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This reminded me of German philosopher, Richard David Precht’ views on love. I used to think that only receiving love made you happy, but Precht pointed to the other part of the equation. Having someone to love is just as important for your happiness. In some cases, it is even more important then receiving love. Receiving and giving admiration is a form of love, so you can think of receiving compliments this way: It’s less important that you are receiving compliments. It means a lot more to the one giving the compliments. Even if you feel that the compliments are wrong or over-blown, try not to take away the moment for the person. It makes the other person feel bad, and you end up looking bad in the process. Say thank you and don’t argue with the person who thinks you’re great.

Another stand-up guest on Kevin Pollack’s chat show, Gregg Proops, said something similar about charismatic actors like Will Smith or Warren Beatty. These actors seemed to signal “It’s all okay now. I’m here now, and you can love me as much as you want.” I found that line fascinating, because I would have listed the fame, talent, or good looks of these actors, but Proops focused on the way they receive attention.


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I have met a few people that signal this kind of openness (it’s very rare), but the best example would be my aunt’s dog, who had more love to share then any other living thing I ever met. Imagine you come home from work, having fought all day with the demands of colleagues and coworker. Or you come home from school after having a big fight with one of your friends. Whatever happened to you that day, your dog is waiting for you, happy to see you, ready to be petted. Of course you feel good that someone is happy to see you (perhaps the first living thing to do so that day), the simplicity of the dog’s love could be more important. A dog’s love is unconditional. It comes to you, ready to be petted and cuddled. This rarely exists with people, who typically have difficult, even contradicting demands. If we do find a person with this open quality, then we seem to be drawn to them in an intense way.

Categories: Ramblings

Youtube and pornographic cooking shows

July 10, 2010 Leave a comment

These are just some personal thoughts that relate to the typical traits of performers and entertainers. Click here for all of my other ramblings.

Let me warn you of a behavior that may hold you back in your progress. It feeds on a human characteristic of dependence that we all have, to a certain extent. I like to call it the pornographic cooking show effect.

Let me explain. Most people who watch cooking shows don’t do it to learn new recipes. They watch them to have to a pleasant cooking experience without having to buy groceries, prepare the food, and wash dishes. Yes, they didn’t cook anything, they can’t eat the food, or even smell it, so it’s a weak substitute for the real thing. Nonetheless, people are willing to accept this because there’s no cost and no hassle. It’s the same principle with porno, a pale imitation of the real experience where you don’t take part in the activity (let’s not discuss details). Still, it’s instant gratification with no hassle, no demands from another living person, at nearly no cost. Billions of dollars each year in that industry attest to that principle (it is probably recession proof, for all I know).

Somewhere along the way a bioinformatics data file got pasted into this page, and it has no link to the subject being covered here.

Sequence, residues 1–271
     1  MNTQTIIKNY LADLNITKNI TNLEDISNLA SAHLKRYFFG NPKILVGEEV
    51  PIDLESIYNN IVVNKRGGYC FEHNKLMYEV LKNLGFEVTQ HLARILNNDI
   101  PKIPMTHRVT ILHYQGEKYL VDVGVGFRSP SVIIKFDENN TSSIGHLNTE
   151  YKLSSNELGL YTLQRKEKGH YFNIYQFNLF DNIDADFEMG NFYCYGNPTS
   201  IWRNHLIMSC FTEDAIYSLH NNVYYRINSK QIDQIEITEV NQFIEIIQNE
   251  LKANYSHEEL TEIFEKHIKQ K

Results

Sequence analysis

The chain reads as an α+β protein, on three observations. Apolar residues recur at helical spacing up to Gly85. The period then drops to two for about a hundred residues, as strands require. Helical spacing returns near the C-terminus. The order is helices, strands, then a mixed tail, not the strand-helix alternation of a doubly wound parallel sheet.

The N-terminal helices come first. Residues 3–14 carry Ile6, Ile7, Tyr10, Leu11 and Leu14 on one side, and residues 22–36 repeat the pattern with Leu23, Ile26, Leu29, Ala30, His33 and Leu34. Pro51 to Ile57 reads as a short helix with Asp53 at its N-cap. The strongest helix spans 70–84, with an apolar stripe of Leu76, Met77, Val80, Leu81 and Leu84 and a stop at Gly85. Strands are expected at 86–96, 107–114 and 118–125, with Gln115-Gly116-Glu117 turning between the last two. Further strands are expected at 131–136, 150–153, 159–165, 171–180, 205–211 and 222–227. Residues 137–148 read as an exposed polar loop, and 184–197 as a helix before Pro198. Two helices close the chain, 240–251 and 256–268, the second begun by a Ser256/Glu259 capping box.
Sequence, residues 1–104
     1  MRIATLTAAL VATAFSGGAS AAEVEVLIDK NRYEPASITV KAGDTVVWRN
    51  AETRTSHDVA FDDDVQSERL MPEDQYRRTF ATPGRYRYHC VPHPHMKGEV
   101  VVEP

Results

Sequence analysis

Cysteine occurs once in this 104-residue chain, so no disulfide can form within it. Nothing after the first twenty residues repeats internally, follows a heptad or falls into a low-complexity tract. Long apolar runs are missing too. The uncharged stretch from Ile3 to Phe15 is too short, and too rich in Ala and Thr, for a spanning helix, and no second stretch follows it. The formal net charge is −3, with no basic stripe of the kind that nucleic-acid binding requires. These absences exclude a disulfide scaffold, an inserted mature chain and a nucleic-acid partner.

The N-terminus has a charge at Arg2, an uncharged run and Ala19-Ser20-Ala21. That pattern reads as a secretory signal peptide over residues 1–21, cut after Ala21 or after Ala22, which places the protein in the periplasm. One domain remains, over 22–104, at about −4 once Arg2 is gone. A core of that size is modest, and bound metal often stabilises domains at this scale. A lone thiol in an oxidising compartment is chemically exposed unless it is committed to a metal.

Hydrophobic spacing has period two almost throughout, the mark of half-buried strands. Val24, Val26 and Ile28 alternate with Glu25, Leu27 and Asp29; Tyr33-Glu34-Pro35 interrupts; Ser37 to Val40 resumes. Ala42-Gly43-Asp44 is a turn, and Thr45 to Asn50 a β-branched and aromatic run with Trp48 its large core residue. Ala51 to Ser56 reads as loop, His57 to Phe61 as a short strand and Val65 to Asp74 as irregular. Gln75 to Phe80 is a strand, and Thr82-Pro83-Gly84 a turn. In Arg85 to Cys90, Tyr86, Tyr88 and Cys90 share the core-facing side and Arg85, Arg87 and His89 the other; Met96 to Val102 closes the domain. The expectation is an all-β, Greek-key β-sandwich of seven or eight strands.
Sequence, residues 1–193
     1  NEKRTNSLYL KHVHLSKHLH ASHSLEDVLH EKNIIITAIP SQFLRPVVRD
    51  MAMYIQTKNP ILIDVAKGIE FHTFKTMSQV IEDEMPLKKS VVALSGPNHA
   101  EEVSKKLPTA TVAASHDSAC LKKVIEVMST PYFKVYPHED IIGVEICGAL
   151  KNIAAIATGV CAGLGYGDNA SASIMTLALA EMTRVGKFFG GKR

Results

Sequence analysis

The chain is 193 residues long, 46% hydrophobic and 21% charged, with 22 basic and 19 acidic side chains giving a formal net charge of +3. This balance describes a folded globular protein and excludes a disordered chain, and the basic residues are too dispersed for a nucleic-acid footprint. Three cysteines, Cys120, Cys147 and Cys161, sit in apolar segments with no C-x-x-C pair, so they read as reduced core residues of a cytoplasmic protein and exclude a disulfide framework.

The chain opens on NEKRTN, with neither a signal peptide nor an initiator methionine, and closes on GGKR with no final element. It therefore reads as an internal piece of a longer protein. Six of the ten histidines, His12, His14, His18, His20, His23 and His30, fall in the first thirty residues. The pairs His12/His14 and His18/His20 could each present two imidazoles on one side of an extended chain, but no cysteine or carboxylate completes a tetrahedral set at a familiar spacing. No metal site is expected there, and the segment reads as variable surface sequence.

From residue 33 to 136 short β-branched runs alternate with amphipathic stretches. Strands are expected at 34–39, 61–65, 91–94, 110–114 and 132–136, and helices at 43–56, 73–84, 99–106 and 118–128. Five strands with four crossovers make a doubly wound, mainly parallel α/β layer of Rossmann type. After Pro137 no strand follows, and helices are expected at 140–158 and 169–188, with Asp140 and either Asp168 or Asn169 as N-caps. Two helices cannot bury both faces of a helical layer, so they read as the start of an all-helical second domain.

Dance clips can have a similar effect, because they reduce your incentive to practice the dance yourself. With today’s wireless internet, Youtube, and the laptaop (or the iPad), you can watch the greatest battle events at any time, at any place. Instant gratification anywhere you are, no matter who you are, or what your own dancing skills are.

Yes, you weren’t there, and it wasn’t you who wowed everyone with your sick moves. But you didn’t need to practice the drills. On days where your energies are low and you’re flooded by self-doubt, you can watch the same clips on Popin’ Taco over and over again. This helps you feel better after not being quite able to execute those arm wave like you wanted to. Hell, on your laziest days, you can just imagine that you are Salah, and that it was you at at the final round of Juste Debout. They feed your fantasies, just like pornos do.

This wasn’t an option back in the 1970s/1980s (or even less than a decade ago to a large extent). If you didn’t dance and meet up with other dancers, then you had no other substitute for the experience. Hell, there were little options for entertainment in general (especially for the poor urban youth who invented popping and bboying). There simply was less chance of gratification of any kind without effort. This made you hungry, as Otis Funkmeyer told me in our interview. It spurned you to improve your skills, because you had to rely on yourself for gratification, not on technology.